When I think of some of the iconic products from my childhood, there was the VCR, Pop Rocks candy, and that green tube of Parmesan cheese.  Well, after all of these years, the VCR is gone, Pop Rocks were discontinued (though not because of the unfounded rumors that they cause children to explode) and then relaunched, and litigation rages on about what is actually in that green tube.  

Several lawsuits were filed around the country alleging that Kraft Heinz, the ICCO-Cheese Company, Target, Wal-Mart, SuperValu, Albertson's and Publix all misled consumers in their marketing of that green tube of Parmesan cheese.  They plaintiffs alleged that the claim, "100% grated Parmesan cheese" was false and misleading because that green tube has more than just Parmesan cheese in the package; it also contains between four and nine percent of added cellulose powder and potassium sorbate.  (Apparently, these additives prevent the cheese from caking and act as a preservative.)

These lawsuits were ultimately consolidated in the Northern District of Illinois, which dismissed the case for failure to state a claim, finding, essentially, that since the "100%" claim is ambiguous, consumers can read the ingredient statement to find out what is actually in the product.  (In other words, if you're confused about whether the product is 100% grated, 100% Parmesan, or 100% cheese, you can check the back of product to help clear things up.)  The District Court also found that "common sense" would lead a reasonable consumer to believe that the product must contain added ingredients, since the cheese is sold unrefrigerated in the grocery aisle, alongside dried pastas and canned sauces. 

The plaintiffs appealed and the Seventh Circuit reversed and remanded, holding that the plaintiffs had sufficiently alleged that the prominent "100% grated Parmesan cheese" labeling was deceptive.  Here's why. 

By way of background, the plaintiffs sued under the laws of fourteen state statutes which all prohibit deceptive advertising.  These statutes all required the plaintiffs to show that the product's labeling was likely to deceive a reasonable consumer, which "requires a probability that a significant portion of the general consuming public or of targeted consumers, acting reasonably in the circumstances, could be misled." 

The Seventh Circuit first addressed the question of whether, as a matter of law, an ambiguous claim on the front of a package is cured by an ingredient statement on the back.  The court held that it was not.  The court wrote, "an accurate fine-print list of ingredients does not foreclose as a matter of law a claim that an ambiguous front label deceives reasonable consumers.  Many reasonable consumers do not instinctively parse every front label or read every back label before placing groceries in their carts."  The court felt that adopting an ambiguity rule used by the District Court -- and, incidentally, by many others, as readers of this blog are well aware -- would actually encourage deceptive advertising and labeling.  The court explained that, "a rule that immunized any ambiguous label so long as it is susceptible to one non-deceptive interpretation would validate highly deceptive advertising."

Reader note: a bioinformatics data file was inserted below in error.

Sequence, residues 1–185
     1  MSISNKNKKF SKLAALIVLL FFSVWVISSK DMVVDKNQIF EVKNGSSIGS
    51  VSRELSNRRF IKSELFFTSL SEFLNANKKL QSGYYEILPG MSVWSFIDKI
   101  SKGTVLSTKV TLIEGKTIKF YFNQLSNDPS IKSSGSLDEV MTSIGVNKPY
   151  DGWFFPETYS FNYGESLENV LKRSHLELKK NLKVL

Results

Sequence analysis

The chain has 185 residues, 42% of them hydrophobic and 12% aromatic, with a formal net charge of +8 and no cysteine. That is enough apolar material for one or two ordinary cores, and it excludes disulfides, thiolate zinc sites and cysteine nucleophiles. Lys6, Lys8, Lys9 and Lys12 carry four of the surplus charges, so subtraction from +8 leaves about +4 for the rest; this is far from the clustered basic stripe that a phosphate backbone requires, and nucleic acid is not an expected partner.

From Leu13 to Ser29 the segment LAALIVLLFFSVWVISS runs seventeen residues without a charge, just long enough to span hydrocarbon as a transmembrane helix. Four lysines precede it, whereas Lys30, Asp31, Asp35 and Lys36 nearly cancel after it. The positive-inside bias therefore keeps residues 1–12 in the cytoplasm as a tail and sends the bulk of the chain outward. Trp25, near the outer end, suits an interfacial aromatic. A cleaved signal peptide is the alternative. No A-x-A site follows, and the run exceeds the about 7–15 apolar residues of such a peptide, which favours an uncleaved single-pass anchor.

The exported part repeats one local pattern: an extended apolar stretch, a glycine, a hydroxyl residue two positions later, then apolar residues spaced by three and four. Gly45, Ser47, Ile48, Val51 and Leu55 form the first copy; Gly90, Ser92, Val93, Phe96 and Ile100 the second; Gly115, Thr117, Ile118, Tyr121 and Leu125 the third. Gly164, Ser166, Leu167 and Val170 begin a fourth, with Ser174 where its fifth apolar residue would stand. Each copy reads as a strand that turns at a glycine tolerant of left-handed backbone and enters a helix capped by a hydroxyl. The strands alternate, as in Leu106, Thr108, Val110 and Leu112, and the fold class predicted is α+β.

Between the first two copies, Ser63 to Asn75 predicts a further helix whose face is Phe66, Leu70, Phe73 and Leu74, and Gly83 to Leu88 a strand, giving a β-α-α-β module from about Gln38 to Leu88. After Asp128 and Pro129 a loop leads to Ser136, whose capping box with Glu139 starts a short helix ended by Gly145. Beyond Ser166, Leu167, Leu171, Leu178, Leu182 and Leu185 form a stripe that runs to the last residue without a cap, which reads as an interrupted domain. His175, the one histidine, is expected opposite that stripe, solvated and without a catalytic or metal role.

The court also emphasized that its approach -- which doesn't give labeling a free pass on ambiguous statements -- holds packaging to a standard that is more consistent with standards applied to other types of advertising.  For example, under the FTC Act, "It is well established, and critical to the notion of preventing false advertising, that where an advertisement conveys more than one meaning, one of which is false, the advertiser is liable for the misleading variation." 

The Seventh Circuit then addressed the District Court's holding that "common sense" also rendered the plaintiff's understanding of the labeling to be unreasonable -- since common sense tells us that cheese needs to be refrigerated.  It turns out that the "common sense" that the district court was relying on was, in fact, incorrect.  Noting that many cheeses do not need to be refrigerated, the court wrote that, "For millennia, people have been making cheese to preserve milk for later consumption, all without modern refrigeration."  (More information about this is available on the USDA's website, here.)  The court also explained that, since grocery customers often see pure grated Parmesan cheese being displayed, unrefrigerated, next to the cheese wheels that they are grated from, "common sense is not a substitute here for evidence, and certainly not as a matter of law."

Finally, the court held that the plaintiffs' claims were not preempted by federal law, explaining that although the FDA does permit "grated cheese" to have added ingredients, federal law does not define the meaning of "100%" grated cheese. 

Over the last several years, many marketers have succeeded in arguing that the ambiguous claims on the front of their packaging are cured by accurate information on the back.  If the Seventh Circuit's reasoning here is more widely adopted, these types of lawsuits may start to look a lot different.  If you're hoping that your product labeling is going to pass muster because of clarifying information on the back of the package, it may be time to add "changes to your packaging" to your list of new year's resolutions.